In my vintage lens adventures, I’ve rarely come across any that were truly awful. Indeed many have initially been underdogs on paper, but have then surprised me in use.
So I decided to set myself a challenge that encompassed the two aspects of my 35hunter approach – finding a lens that met certain criteria, then finding some tiny pockets of beauty to photograph with it.
Being something of a cheapskate, I decided to set my spending limit to just £5. Could I find a usable lens for £5 or less, and get some decent results with it?
After a little research on eBay, and dismissing a few based on either their brand name (Optomax, Makinon, Prinzflex), focal length or incompatible mount, I found a promising looking Sun Zoom in Pentax K Mount. It was listed as faulty, due to a dented filter ring, for just £4.99 + postage.
Though I no longer have any Pentax film bodies (aside from my M42 Spotmatic F), I still have the PK > NEX adapter for my Sony NEX I bought a few years back. So I clicked Buy It Now.
A few days later, the cheap wonder arrived.
To give it its full name, it’s an MC Sun Zoom 28-80mm f/3.5-4.5 Macro, and first impressions were promising.
Overall it’s quite compact for the range it covers. The focal length adjustment slides, the focus ring rotates. One thing I like about zooms like this is how wide the focus grip is.
The throw of the focus is amazingly short, less than quarter of a turn to go from 2m to infinity.
Which brings us to the first potential problem.
Hang on, two metres minimum focus? That’s usually around the maximum distance I focus!
Fortunately, it has a second ring labelled MACRO, and after pressing a small button to enable it, this adds much closer focus.
It means at 80mm you can focus down to around 0.8m. But at the 28mm end you can go to less than 0.1m. Much better!
The way I use zooms is a little untraditional (essentially as a set of primes within one lens, using only one at a time), so the sliding focal length barrel is slightly odd, but actually works well for me. Once I set it to the focal length I want, I don’t need to touch it – only rotate the barrel to focus.
So I set my NEX to its usual neutral settings, shooting RAW at ISO400 (I like the added grain/noise compared with ISO200), and set off.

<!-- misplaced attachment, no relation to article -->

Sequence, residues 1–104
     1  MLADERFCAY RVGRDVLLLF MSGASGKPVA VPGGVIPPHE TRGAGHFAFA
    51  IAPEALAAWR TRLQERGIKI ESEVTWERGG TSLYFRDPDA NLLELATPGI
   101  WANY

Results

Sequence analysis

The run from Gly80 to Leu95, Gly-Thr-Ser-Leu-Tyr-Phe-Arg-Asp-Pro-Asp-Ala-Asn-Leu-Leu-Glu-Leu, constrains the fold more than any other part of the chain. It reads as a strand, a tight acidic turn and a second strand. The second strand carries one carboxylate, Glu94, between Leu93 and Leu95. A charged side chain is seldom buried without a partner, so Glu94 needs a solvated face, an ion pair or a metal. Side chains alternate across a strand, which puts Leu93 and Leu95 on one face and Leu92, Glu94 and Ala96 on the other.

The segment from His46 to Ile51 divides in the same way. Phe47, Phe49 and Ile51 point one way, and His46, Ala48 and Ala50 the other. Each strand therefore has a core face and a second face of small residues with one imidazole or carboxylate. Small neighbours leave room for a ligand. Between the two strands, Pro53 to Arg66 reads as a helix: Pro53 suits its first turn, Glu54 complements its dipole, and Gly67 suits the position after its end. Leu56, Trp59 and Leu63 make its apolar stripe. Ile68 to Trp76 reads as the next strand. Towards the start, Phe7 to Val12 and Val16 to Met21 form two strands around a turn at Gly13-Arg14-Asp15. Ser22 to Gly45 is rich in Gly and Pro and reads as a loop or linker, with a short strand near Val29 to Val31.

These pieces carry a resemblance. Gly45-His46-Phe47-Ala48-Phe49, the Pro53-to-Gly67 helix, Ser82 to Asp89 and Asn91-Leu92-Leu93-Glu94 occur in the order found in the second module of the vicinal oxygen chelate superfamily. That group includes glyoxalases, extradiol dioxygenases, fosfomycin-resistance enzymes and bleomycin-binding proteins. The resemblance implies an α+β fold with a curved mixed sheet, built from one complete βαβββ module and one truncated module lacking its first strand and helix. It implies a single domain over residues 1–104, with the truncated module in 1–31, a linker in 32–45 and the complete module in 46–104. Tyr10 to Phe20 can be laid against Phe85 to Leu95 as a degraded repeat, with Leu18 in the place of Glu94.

Because I shoot pretty close most of the time, I set the focal length to 80mm, enabled the macro ring to its shortest distance, and set about shooting.
Struggling with the decided non-macro-ness of 0.8m, I decided to instead switch extremes to 28mm, and get much closer.
So how did the photographs come out?
Yellows can be difficult, especially in bright sunlight, and sometimes blow out so you lose detail. No such issues here for the Sun it seems, and the richness of the dandelions is pretty impressive.
Plenty sharp enough for my needs for the main subject, and even a hint of some swirly bokeh, thought the contrast is maybe a bit lacking. Very happy with this one overall though.
Again the sharpness seems more than acceptable, decent contrast and colours too. Whilst the bokeh couldn’t be described as buttery smooth on the fence, the highlights above are really quite pretty and not harshly angular and distracting like some far more renowned lenses I’ve used can create.
The Sun Zoom has already performed much better than I expected a £4.99 28-80mm zoom lens to.
The reasons I’m happy with the results could be down to a number of things –
- My judgement of the criteria for a decent photograph is pretty lenient.
- Viewing images on a computer screen won’t reveal major flaws in a lens in the way making a life size print from the original file would.
- My eyes aren’t as good as they were.
- I’ve been very lucky in finding a lens for a fiver that’s actually genuinely quite good.
- Any combination of the above.
[Edit: Another factor I thought of some hours later was of course I’m using a lens designed for 35mm film cameras on a digital APS-C sensor.
So the 28-80mm of the lens equates to a field of view of 42-120mm with the 1.5X crop factor of the sensor. Which also means the sensor only records the central part of the lens, and crops out any potential edge and corner imperfections.
The lens might be terribly soft at the edges on film!
This is another reason I enjoy using old film lenses on a digital APS-C camera (Sony NEX and a100) – they naturally optimise the best performing area of the glass, without the need to consider and/or manual crop any edge defects afterwards.]
I think another factor might be the kind of reverse psychology of using cheap lenses.
If I have a lens that cost me next to nothing (seriously, what else does £5 buy these days?), I’m kind of freed of any expectation. Plus I also like the challenge of trying to make something beautiful with such humble tools, in a way it makes me try harder and focus more.
These two elements aren’t really measurable or tangible, but I am aware of them, and can’t deny they have in some way contributed to the respectable results I’ve seen so far from the Sun Zoom.
I plan to give my new frugal friend another run or two in the near future and will update with another post.
What have been your most pleasing results with very cheap cameras and/or lenses? How do you feel using cheap kit compared with far more expensive?
Please let us know in the comments below.
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